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Blog: Vocational trucks are susceptible to being targeted for staged accidents, which involves maneuvering an unsuspecting employee driver into an intentional crash in order to make a false insurance claim or to file a lawsuit against the driver’s employer.

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NHTSA Investigating Tesla Crash in Utah

U.S. safety regulators from the National Highway Traffic Safety Administration (NHTSA) are evaluating the circumstances connected to a Tesla Model S that slammed into a fire department vehicle in Jordan, Utah on May 13.

Tesla Removed from Crash Investigation for Violating NTSB Rules

Tesla will no longer be able to participate in the National Transportation Safety Board investigation of a fatal crash involving a Tesla Model X after it violated the agency’s rules on sharing investigative information before being vetted and confirmed.

NHTSA Delays EV Warning Noise Requirements

The deadline for requiring hybrids and electric vehicles to produce pedestrian-alerting noises to warn sight-impaired pedestrians and bicyclists has been pushed back until March.

CSA Safety Scores Must Distinguish Between Preventable and Non-Preventable Accidents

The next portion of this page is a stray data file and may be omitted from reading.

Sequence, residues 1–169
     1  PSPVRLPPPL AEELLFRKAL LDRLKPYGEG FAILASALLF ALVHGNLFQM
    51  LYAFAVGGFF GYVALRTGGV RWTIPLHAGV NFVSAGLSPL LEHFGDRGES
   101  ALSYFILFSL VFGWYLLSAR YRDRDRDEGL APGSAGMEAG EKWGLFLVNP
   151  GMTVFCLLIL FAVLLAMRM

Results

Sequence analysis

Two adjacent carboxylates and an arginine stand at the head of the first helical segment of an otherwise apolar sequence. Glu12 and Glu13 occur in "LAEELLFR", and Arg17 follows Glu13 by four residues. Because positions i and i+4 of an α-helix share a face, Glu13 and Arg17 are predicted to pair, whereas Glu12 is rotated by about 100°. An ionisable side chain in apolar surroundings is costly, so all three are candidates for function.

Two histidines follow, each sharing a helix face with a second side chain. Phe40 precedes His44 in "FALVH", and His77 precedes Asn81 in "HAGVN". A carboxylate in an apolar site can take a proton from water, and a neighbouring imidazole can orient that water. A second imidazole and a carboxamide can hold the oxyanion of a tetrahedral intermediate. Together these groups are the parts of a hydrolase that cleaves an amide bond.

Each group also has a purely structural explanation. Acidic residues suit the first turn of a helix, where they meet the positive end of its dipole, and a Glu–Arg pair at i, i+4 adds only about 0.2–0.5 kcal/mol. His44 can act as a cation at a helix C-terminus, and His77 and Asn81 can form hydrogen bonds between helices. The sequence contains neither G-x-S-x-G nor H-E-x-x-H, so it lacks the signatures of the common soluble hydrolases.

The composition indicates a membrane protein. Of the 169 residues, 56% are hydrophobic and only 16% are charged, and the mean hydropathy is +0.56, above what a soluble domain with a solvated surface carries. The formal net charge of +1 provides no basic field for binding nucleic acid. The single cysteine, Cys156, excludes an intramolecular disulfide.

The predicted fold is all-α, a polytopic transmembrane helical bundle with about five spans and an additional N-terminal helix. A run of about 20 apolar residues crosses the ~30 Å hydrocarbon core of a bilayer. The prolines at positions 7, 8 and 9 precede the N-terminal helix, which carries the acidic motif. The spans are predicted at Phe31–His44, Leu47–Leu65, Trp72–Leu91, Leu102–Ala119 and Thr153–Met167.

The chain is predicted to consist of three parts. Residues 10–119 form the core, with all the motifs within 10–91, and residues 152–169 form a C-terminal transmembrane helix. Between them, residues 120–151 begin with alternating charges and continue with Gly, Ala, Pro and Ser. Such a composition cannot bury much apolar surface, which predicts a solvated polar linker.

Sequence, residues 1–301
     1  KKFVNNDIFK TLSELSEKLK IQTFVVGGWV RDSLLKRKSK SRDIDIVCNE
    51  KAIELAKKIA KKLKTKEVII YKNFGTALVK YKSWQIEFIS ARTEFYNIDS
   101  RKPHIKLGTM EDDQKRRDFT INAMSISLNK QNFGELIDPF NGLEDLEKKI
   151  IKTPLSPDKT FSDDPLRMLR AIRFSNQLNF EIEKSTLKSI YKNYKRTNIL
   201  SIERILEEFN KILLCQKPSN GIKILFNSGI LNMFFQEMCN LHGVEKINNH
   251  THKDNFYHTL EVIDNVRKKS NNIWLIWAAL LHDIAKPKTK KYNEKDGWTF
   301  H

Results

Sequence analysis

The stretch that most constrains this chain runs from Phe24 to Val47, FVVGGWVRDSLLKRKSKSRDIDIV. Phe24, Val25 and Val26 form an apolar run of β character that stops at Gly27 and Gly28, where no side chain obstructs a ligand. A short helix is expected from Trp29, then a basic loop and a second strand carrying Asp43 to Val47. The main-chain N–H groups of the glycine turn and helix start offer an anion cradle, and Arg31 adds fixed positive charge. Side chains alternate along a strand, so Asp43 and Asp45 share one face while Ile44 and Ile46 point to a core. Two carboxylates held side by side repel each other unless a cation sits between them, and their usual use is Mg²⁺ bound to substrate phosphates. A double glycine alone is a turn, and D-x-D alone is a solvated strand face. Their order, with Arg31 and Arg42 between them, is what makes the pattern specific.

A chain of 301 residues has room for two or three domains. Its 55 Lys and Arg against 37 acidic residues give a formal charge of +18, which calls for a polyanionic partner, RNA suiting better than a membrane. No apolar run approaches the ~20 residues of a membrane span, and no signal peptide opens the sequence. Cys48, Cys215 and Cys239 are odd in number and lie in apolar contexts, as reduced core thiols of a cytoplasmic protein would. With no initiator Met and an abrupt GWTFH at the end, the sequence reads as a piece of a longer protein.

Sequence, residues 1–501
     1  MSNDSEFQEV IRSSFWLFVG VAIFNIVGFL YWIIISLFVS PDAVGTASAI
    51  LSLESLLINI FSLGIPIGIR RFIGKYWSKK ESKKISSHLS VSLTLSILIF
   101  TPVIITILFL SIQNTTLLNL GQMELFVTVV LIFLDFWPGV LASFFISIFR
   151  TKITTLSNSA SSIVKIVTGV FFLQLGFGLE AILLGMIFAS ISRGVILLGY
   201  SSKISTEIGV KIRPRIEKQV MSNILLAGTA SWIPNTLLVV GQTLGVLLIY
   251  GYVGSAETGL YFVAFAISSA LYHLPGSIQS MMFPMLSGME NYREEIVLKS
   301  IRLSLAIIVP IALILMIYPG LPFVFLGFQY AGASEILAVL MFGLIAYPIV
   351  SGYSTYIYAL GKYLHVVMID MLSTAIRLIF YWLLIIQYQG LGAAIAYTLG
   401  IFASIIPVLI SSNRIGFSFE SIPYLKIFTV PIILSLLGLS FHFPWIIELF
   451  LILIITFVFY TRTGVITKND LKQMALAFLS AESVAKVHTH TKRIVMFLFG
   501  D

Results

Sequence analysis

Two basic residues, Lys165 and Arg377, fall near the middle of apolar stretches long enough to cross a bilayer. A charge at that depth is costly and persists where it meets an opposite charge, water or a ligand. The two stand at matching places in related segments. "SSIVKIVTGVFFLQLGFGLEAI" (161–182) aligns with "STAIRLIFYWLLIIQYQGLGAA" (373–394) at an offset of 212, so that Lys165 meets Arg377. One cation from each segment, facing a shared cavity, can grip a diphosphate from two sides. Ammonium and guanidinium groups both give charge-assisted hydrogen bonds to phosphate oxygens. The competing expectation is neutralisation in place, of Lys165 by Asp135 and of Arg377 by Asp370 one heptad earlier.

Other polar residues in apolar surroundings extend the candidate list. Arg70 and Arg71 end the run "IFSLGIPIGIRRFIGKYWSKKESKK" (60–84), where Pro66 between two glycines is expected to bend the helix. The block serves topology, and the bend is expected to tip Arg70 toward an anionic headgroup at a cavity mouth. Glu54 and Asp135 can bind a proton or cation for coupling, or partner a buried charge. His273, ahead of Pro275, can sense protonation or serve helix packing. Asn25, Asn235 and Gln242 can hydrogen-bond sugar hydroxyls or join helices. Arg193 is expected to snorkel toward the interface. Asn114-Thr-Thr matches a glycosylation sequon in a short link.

A growing number of fleets contend that Compliance, Safety & Accountability (CSA) program is in need of substantial improvement. Currently, a fleet’s score in the CSA safety monitoring system is based on all fleet-involved crashes, including those that the company’s driver did not cause and could not reasonably have prevented. This scoring criteria is contrary to accepted industry standards and, in the long run, will undermine the validity of the CSA program in the eyes of covered fleets.

5,000+ Accidents in W. Va State Fleet in Past 5 Years

CHARLESTON, WV - A legislative audit recently revealed that West Virginia state employees have had more than 5,000 accidents in state vehicles over the past five years, costing the state nearly $23 million in insurance claims and deductibles.

10 Recommendations: What Drivers Should Do After a Fleet Accident

Drivers must collect as much information as possible when involved in an accident while driving a company-provided vehicle. Failure to do so can lengthen the accident management process and, in a worst case scenario, create unnecessary liability exposure for the company. What information should be collected? What shouldn't be said? Here are 10 do's and don'ts for fleet managers and drivers to follow.

Fleet Safety Must be Your No. 1 Job Priority

In two decades of chronicling the history of fleet management, I have seen interest in fleet safety ebb and flow. In an annual survey I conduct of fleet managers, they rated fleet safety as their No. 2 concern, right behind the cost of fuel. Why the renewed interest in fleet safety? More and more fleet managers are reporting an uptick in preventable accidents. In addition, fleet managers are feeling pressure from other corporate departments to increase fleet driver safety.